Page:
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The Consumer Handbook on Tinnitus

Chapter 9
Surgical Treatment

Dennis Poe, MD
Mass Eye & Ear Infirmary
Boston, Massachusetts

Most people with vertigo will be able to adequately control the condition through conservative medical treatments. There is a small percentage of patients in whom medical therapy will not sufficiently control their attacks of vertigo and for whom surgical options will be considered. Surgery and office procedures are invasive in nature. Anything invasive generally has the potential for more side effects or risks compared to medical treatments. It’s natural that you and your doctor will want to exhaust all possible medical treatments for your condition before considering surgical options.

Surgery is intended only for the forms of inner ear disorders that cause repeated attacks, spells or paroxysms (intense attacks) of vertigo. Frequent attacks of vertigo may lead to chronic disequilibrium. If the attacks can be stopped, then the brain and vestibular system have a chance to recover and compensate over time, hopefully leading to resolution of the disequilibrium. Patients with chronic disequilibrium, but no active vertigo attacks, have a compensation problem that won’t be helped by surgery. In fact, surgery could worsen their chronic compensation difficulties by altering the status of the balance system and adding to the disequilibrium.

When the inner ear is subjected to intermittent irritation or injury, it will result in an acute disturbance in your balance. This disrupts the vestibular nerve outputs from the affected inner ear and puts it into conflict with the information being received by the brain from the other normal inner ear. This conflict in information is confusing to the brain and causes a profound disturbance in the vestibular system that we perceive as vertigo. Once the attack of vertigo ceases, you may feel immediately back to normal if the spell was brief or mild. You may also feel quite a lot of imbalance or disequilibrium for minutes, hours, days or even weeks after such an event. The length of time it takes to recover your balance after a vertigo attack depends on how severely it may affect your inner ear, how much permanent damage done may occur, and how well you tend to compensate.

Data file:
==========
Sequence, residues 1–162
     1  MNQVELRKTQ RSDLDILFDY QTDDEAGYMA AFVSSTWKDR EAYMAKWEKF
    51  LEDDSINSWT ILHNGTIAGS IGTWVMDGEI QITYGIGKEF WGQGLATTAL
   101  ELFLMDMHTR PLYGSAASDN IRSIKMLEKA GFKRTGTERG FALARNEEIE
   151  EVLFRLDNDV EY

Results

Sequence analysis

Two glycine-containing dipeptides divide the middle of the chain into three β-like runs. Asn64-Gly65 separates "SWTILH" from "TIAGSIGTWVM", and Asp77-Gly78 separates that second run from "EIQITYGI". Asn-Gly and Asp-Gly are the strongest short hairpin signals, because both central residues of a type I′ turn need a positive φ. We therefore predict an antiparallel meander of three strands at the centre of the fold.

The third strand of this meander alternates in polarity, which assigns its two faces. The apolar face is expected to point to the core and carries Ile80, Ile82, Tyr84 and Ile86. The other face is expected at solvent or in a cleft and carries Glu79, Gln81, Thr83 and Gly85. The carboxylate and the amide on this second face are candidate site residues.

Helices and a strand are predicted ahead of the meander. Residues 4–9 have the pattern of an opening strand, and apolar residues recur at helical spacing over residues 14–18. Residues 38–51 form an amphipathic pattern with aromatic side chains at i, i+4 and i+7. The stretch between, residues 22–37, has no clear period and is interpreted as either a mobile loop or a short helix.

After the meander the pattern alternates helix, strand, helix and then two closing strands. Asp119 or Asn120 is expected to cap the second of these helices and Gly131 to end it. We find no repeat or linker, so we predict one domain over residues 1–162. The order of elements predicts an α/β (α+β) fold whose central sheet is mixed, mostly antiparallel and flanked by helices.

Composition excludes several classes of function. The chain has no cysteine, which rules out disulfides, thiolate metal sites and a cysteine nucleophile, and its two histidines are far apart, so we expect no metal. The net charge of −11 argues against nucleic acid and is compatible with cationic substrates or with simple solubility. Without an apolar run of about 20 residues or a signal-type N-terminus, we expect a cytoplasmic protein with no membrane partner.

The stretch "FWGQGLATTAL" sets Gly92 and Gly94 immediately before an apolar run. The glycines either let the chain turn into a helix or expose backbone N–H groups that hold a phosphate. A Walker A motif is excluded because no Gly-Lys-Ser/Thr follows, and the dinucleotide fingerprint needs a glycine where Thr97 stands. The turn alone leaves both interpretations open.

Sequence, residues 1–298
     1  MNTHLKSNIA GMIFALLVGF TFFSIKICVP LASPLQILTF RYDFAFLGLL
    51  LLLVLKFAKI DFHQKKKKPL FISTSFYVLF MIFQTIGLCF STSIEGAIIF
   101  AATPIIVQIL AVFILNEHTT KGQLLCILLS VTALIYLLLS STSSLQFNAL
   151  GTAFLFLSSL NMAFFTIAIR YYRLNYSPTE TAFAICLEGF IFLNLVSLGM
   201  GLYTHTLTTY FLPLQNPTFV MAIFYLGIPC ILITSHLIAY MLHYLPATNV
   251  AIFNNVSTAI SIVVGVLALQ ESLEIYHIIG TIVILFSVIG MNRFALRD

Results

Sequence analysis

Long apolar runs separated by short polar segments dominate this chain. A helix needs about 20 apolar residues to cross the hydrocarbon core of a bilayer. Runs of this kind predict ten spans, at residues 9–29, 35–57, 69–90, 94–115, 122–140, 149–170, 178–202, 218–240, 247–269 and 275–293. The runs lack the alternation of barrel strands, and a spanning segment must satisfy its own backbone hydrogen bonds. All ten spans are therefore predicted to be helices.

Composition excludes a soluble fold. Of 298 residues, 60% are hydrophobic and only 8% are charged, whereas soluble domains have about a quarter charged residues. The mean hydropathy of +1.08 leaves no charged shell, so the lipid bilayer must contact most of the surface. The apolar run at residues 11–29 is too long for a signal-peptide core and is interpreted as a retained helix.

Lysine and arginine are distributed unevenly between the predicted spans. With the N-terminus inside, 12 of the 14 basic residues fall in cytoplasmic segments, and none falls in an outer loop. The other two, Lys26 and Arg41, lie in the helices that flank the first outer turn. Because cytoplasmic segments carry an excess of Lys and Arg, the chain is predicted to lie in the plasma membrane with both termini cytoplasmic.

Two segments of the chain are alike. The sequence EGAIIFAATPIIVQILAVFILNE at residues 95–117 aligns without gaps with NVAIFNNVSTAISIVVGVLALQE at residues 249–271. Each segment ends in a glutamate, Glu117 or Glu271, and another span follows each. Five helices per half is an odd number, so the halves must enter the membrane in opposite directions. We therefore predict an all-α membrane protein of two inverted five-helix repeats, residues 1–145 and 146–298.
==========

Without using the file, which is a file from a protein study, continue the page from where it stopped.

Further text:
Your balance is maintained by the brain coordinating inputs from the vestibular systems of both inner ears, your vision and your sensation of position and touch in your legs (proprioception). Your compensatory abilities depend on the remaining elements of your balance to cover up the weakness in your one balance nerve. If you’re in good condition and exercise regularly, your compensation abilities will be better than someone inactive, elderly or with problems involving vision and proprioception.

Each time a vertigo attack occurs it’s as though a monkey wrench has just been thrown into your balance machinery. The amount of damage done by the monkey wrench determines how quickly you can regain your balance. This process can be expected to take some time. Exercising and working on your balance can speed your recovery. I always emphasize to patients how important it is to . . .